Some find that their eating or sleeping patterns change. Nervous habits (such as nail-biting) may appear, or a reliance on alcohol/cigarettes/drugs to relax.
Stress in Australia
Australian Psychological Society (APS) Survey on Stress and Wellbeing 2015 shows that Australians are faring worse than they were 5 years ago when the survey began. Lower levels of wellbeing and workplace wellbeing were reported with higher levels of stress, depression and anxiety symptoms.
35% of Australians report having a significant level of distress in their lives. Younger people (18-25) report lower levels of wellbeing than older Australians.
“Financial issues are rated as the top cause of stress over the five years, while also of concern is the increase in the number of people turning to gambling to manage stress (now one in five) growing from 13% in 2011 to 19% in 2015.” The top causes of stress in Australia over the five years are personal finances, family issues, personal health, trying to maintain a healthy lifestyle and issues with the health of another .
The most popular way of managing stress in Australia is watching television/movies (85%). Other relievers include focusing on the positives, spending time with friends and/or family, listening to music, and reading.
A relatively new source of stress is Fear of Missing Out (FoMO) – one in two teens and one in four adults was found to experience FoMO in the 2015 Survey. “Teens connected to social media more frequently are significantly more likely to experience aspects of FoMO”. FoMO stresses include “It is important that I understand my friends in-jokes, fearing their friends are having more rewarding experiences than them, worrying when they find out their friends are having fun without them, and being bothered when they miss out on planned get-togethers.”
Australians are most likely to seek help from family and friends. Only 15% seek help from a psychologist or other mental health specialist (e.g. psychiatrist).
Coping with stress
While many Australians rely on relaxing in front of the television as a way to relieve stress, it’s widely considered to not be the best method.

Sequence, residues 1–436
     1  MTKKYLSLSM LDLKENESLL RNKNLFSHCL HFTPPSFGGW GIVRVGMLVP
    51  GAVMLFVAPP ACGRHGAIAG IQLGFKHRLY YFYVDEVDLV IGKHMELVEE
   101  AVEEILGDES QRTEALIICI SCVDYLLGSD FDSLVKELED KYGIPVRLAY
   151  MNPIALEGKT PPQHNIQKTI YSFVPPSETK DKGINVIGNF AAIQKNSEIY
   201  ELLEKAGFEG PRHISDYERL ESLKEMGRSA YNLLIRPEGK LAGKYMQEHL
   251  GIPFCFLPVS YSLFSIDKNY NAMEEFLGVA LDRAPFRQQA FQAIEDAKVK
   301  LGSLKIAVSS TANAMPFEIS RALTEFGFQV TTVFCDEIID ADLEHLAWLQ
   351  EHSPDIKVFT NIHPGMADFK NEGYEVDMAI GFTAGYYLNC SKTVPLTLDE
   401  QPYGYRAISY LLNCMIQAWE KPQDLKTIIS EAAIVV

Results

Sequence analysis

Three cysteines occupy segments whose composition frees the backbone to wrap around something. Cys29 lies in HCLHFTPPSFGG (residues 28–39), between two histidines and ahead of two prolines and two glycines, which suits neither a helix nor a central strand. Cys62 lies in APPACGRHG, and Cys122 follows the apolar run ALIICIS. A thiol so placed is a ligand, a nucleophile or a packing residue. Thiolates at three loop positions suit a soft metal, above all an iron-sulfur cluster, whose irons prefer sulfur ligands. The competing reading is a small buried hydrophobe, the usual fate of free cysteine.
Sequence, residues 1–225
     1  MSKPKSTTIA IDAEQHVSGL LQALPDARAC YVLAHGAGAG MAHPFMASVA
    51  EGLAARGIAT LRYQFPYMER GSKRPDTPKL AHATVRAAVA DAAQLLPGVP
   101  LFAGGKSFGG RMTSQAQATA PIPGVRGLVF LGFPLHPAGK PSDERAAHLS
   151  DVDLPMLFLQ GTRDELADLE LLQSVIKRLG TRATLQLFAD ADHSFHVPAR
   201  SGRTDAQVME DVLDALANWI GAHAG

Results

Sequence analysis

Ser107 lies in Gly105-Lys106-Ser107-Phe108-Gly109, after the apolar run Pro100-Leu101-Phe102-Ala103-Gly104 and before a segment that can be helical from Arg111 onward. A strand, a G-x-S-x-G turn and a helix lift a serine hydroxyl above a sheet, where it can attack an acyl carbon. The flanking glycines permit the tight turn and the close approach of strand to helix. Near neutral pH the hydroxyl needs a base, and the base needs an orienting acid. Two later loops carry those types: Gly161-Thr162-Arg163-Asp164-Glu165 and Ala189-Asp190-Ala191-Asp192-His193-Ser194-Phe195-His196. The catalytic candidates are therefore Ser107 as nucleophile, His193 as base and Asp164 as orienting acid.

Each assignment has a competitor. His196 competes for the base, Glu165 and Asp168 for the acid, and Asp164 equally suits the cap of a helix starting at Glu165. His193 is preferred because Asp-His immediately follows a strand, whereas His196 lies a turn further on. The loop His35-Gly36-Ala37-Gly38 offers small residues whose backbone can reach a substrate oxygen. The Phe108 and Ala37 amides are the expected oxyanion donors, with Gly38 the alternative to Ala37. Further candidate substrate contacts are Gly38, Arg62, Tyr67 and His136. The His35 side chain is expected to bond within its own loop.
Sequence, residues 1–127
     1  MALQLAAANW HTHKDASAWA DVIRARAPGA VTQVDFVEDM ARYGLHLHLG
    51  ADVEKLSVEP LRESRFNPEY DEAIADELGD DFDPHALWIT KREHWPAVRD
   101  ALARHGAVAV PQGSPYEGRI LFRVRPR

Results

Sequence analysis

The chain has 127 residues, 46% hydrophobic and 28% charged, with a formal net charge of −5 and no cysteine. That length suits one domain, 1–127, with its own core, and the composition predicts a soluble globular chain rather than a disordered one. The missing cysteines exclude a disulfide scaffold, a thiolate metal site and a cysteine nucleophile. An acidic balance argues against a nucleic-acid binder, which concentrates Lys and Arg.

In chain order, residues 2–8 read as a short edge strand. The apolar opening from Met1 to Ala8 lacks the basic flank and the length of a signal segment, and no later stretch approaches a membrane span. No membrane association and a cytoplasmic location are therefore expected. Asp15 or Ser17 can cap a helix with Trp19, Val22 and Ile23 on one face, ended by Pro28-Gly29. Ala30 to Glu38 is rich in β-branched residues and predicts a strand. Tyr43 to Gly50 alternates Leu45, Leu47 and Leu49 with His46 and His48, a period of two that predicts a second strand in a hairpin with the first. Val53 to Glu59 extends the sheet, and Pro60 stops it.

Regular exercise is a great way to manage stress, as well as giving yourself time to relax each day. Relaxation techniques such as yoga, breathing, meditation or mindfulness tracks can also help.
Try to spend time with people who make you feel good about yourself, staying away from people who cause stress as much as possible.
Keeping healthy by eating well is also key to managing stress. A good sleep routine is essential. If you have difficulty falling asleep, do something calm and relaxing before you go to bed.
Understand what situations make you feel stressed. Avoiding situations that cause stress (if possible) or preparing for known stressful events in advance can lessen the impact or reduce the stressful time.
Try to do happy things every day. It’s important to have balance in your life, make time to have some fun !
How Bowen Technique can help stress
Bowen Therapy is another method that can help with managing the body’s stress response.
Gentle Bowen moves help to restoring balance in the autonomic nervous system, prompting a shift from the stressed “fight or flight” state, to “rest and repair” dominance. It’s not uncommon for clients to fall into a state of deep relaxation during treatment, many even fall asleep.
One of my regular clients spoke of her relaxation during treatment – “even just a few moves, and my whole body just lets go…”
Bowen Therapy doesn’t just take the body out of it’s flight or flight state. It can also help warning signs and symptoms of overload, and the impacts on the body caused by chronic stress. Breathing, posture, digestion and aches/pains can all be helped through a de-stressing Bowen treatment.
When stress has become chronic, a range of help is needed to bring back overall balance. Bowen is an ideal therapy to include in the overall mix of help for chronic stress.